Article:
Social Media Best Practices

 

 

The Short and Long of Blog Posts

 

 

 

 

1,350 Views 0 Comments Permalink Tags: author, promotion, blogging, publishing, media, social, marketing_strategy, marketing_advice
0

A Day for Advice

Posted by CreateSpaceBlogger Mar 16, 2016

 

Are you ready for Writing Advice Wednesday or Writing Tip Tuesday or Fun with Words Friday? No, not here, not on this blog. I'm talking about on your own blog. Or, if you don't have a blog (why don't you?), then somewhere on your social media sphere of influence.

 

I'm a big proponent of giving to grow your brand. By that, I mean sharing advice without expectation of a quid pro quo. If you've sold a book, you are a professional author, and you have experience. There's no benchmark to reach before you can claim your professional moniker. Receiving payment for your written work is benchmark enough.

 

Pick a day of the week and commit to sharing writing advice on that day every week. Make it a regular thing, so people will grow to expect it. It doesn't have to be a long, elaborate post. It can be, but it doesn't have to be. The only reason I would advise against doing so is because I don't want this to be a stressful thing for you. I don't want you to burn yourself out and lose interest in the strategy. If keeping it short and concise keeps you interested, keep it short and concise.


 

It doesn't even have to be your advice. For instance, I often pass along a paraphrased piece of advice Stephen King once said, that solid character development transcends genre, but I always pass it along crediting Mr. King as the source of the advice.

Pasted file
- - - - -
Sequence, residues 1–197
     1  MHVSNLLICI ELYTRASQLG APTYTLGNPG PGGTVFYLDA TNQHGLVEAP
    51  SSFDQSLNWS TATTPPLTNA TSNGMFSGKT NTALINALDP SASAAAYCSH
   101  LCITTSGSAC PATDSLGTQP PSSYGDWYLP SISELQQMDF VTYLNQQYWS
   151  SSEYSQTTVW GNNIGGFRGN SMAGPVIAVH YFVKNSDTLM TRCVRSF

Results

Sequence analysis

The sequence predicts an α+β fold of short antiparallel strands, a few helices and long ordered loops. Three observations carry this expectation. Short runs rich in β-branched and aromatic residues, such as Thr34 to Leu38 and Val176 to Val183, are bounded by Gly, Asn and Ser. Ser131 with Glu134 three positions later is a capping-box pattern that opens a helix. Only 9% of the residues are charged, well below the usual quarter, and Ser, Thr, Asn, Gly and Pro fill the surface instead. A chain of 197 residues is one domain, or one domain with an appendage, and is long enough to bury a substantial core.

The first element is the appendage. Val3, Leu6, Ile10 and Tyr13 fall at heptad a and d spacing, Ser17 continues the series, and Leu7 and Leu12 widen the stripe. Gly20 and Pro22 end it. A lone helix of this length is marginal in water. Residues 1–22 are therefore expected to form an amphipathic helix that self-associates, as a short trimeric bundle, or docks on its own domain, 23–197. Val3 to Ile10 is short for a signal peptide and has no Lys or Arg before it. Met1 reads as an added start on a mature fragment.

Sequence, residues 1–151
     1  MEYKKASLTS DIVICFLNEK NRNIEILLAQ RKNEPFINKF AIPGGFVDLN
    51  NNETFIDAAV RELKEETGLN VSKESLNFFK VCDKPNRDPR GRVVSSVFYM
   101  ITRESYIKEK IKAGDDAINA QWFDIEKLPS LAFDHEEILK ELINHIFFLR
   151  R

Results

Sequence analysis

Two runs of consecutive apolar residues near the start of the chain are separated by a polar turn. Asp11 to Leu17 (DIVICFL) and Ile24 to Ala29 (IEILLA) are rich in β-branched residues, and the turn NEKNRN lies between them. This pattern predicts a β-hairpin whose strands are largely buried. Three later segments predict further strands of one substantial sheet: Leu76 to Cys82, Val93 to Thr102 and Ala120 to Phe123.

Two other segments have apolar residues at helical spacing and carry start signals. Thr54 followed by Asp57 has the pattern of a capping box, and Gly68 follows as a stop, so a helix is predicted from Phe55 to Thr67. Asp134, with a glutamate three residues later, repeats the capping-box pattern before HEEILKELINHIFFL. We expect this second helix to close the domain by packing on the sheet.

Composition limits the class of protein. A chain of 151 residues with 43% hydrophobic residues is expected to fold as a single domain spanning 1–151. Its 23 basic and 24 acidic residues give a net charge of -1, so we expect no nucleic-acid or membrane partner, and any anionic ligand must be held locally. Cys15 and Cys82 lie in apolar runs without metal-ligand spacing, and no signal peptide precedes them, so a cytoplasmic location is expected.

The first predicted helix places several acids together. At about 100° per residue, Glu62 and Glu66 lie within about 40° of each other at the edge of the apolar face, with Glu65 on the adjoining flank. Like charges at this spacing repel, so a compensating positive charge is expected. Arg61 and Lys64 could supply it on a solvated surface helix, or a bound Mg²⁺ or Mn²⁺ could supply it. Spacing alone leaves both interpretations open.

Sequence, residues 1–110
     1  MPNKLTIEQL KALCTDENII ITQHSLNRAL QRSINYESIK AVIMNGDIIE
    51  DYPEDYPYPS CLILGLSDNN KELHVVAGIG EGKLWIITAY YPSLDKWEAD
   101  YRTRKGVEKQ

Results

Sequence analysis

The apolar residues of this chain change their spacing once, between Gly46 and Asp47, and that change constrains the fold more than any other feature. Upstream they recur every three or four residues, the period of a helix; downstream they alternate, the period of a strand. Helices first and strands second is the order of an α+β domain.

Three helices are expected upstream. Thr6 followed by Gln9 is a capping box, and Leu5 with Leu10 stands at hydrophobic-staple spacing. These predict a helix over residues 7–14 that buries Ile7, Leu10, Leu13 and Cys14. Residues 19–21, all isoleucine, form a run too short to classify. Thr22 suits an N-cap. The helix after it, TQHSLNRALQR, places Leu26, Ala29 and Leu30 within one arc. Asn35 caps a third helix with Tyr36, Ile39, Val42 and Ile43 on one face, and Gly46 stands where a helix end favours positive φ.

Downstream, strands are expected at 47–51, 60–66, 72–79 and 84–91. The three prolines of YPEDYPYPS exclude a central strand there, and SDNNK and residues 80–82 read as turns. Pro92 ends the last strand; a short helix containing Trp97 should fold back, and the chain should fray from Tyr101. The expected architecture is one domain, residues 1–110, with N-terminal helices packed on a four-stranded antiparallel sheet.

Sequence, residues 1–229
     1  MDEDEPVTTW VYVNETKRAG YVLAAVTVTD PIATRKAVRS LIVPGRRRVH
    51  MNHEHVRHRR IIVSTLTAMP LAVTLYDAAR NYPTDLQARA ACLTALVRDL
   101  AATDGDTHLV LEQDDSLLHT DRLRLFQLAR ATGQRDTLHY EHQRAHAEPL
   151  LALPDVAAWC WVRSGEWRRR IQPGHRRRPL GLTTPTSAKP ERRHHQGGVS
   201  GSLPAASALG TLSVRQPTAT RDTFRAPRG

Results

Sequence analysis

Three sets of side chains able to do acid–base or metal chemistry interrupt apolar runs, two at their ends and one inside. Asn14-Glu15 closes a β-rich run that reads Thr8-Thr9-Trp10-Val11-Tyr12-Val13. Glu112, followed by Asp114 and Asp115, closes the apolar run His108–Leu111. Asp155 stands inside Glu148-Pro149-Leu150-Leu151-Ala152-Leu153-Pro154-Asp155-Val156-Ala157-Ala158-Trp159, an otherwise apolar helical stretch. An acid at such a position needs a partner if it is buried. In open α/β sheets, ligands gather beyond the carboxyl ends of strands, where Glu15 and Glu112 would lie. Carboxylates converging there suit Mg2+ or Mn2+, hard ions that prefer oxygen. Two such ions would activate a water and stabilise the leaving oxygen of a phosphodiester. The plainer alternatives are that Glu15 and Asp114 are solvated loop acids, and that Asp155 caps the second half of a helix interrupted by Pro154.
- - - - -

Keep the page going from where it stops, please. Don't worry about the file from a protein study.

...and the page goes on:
I'm not asking you to strain brain cells to come up with this advice. I'm asking you to draw from your experience and research and share. That's it. It's simple, but it can be an invaluable brand-building tool.


-Richard


 

https://createspacecommunity.s3.amazonaws.com/Resources Contributors/RidleyHeadshot_blog.jpg

Richard Ridley is an award-winning author and paid CreateSpace contributor.

 


You may also be interested in…

 

Branding 101: What is Author Branding?

 

Authors' Four Structural Essentials for Blogs

 

 

 

 

1,339 Views 0 Comments Permalink Tags: author, blog, blogging, social_media, author_brand, marketing_ideas, author_advice
2

When I'm working on the first draft of a novel, at times it can feel like I'm pushing an enormous boulder up a mountain. Have you ever had that feeling? It's during those periods that I have to trust what I've learned over the course of writing multiple books, which is that I have to keep going. So day after day I force myself to sit down and inch the story along, however slowly, because I know that by doing so, I will eventually reach the end.